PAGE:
Old Poland Historiography (Post-)Colonially Split? Maciej Stryjkowski and his Epic History of Lithuania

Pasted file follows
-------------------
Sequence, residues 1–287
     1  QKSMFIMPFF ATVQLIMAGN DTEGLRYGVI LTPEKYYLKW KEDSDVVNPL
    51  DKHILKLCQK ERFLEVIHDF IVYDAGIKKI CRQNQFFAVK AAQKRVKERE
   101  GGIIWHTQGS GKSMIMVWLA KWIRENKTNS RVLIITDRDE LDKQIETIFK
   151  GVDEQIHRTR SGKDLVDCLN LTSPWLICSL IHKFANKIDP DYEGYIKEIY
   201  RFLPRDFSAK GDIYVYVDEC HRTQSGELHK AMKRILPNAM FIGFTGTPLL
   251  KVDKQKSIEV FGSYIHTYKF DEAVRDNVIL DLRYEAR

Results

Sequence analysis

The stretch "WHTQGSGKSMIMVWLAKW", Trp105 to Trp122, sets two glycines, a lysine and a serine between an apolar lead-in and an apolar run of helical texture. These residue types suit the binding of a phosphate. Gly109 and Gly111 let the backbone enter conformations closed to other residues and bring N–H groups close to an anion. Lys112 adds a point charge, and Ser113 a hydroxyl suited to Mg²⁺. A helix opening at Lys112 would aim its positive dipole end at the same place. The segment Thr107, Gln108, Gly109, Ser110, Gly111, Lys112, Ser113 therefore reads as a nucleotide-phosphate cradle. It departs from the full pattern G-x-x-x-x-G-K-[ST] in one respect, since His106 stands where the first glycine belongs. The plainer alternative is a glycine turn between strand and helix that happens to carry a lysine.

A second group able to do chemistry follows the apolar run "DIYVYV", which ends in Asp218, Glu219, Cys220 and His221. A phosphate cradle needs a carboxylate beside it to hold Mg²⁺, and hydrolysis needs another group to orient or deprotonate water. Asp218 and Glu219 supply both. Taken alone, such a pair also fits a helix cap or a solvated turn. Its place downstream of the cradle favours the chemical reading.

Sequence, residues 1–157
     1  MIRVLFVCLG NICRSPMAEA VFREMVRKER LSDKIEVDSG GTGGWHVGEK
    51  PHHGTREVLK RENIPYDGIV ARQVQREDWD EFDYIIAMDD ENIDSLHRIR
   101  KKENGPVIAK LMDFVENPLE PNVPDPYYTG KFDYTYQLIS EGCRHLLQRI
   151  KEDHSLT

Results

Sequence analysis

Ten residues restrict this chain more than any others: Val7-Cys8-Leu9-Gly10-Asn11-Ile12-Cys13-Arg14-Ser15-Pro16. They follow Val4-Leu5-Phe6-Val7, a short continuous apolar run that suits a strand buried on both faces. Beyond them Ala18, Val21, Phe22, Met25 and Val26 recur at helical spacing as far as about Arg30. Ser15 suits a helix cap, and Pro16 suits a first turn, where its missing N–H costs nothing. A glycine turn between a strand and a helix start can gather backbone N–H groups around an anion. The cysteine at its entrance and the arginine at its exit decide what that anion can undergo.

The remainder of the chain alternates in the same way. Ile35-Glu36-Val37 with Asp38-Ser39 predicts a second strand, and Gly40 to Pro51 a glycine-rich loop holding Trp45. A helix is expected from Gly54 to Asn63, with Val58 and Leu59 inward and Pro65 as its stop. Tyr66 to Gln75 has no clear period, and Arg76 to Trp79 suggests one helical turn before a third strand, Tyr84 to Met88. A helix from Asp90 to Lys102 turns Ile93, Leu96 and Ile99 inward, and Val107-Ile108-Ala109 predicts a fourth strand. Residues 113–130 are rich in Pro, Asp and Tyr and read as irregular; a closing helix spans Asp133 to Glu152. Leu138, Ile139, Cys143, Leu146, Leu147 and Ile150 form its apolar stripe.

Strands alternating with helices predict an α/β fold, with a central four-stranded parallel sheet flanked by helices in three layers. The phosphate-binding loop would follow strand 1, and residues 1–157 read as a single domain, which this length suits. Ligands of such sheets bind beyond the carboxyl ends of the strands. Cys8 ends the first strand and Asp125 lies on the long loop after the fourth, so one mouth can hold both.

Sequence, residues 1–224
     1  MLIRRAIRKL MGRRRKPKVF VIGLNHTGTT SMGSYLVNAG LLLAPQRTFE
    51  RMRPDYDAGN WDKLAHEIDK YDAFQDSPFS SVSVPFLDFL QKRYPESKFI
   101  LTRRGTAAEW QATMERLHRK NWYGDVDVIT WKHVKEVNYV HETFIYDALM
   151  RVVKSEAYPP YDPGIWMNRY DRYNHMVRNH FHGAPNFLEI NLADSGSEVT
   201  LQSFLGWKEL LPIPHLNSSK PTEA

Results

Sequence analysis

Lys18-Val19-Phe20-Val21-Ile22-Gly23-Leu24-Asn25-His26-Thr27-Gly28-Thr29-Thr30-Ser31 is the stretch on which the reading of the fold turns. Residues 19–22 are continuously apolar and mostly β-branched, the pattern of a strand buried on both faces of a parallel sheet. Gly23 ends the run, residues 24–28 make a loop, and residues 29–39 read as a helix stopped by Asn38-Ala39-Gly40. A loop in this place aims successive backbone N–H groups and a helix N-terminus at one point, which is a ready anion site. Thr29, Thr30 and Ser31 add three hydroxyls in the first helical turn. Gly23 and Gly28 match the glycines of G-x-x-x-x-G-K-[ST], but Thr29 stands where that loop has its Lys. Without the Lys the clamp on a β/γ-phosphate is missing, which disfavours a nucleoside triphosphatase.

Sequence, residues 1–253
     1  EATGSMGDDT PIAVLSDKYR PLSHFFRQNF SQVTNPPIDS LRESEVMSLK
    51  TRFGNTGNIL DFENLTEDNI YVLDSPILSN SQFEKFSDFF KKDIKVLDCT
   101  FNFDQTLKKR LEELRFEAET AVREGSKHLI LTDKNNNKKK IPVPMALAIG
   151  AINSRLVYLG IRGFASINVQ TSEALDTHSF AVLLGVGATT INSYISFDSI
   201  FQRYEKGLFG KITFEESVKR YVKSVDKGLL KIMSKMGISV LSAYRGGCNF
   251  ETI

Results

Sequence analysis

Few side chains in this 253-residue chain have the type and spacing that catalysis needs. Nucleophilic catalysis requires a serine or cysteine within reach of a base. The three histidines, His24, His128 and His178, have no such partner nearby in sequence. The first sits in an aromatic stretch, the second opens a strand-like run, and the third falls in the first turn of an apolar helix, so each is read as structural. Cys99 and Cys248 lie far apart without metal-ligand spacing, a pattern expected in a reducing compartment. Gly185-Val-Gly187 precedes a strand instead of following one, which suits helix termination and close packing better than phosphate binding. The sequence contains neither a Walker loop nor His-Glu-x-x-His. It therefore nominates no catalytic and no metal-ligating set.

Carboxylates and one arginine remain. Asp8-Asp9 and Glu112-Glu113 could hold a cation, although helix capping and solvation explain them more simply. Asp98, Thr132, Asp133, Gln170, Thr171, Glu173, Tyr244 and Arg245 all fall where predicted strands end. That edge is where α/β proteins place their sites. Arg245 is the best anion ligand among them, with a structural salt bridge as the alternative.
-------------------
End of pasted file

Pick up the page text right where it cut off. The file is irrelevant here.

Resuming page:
Towards the end of the twentieth-century, Alexander Kiossev proposed a postcolonial model to assess the condition of East, Central, and Southern European Culture – cultures he described as “self-colonizing.” For Kiossev, the nuances of this persistent historical phenomenon consisted of the construction of national identity on the basis of foreign models assimilated from cultures more developed (in terms of historiography, literature, art, and even political, legislative, and economic structures) than the “self-colonizing” cultures. At the heart of the historian’s argument lies the claim that peripheral formations adopt inferior positions vis-à-vis the center not because they have succumbed to a compulsory dependency on outside forces, but because even in the nascent developmental state of national subjectivity, they embraced a model of their own inferiority. This situation stems from recognizing one’s cultural otherness in relation to a set of values deemed universal, and from consciously reckoning with the fact that as “inferior” cultures, they are a reservoir of societal lacks. One such lack was the presumed dearth of grand historical narratives on the early origins of the nations of East-Central Europe– narratives formed in the medieval and renaissance eras in the spirit of dominant ideology: the more deeply rooted a culture is in antiquity, the greater its inherent value and entitlement to nobility.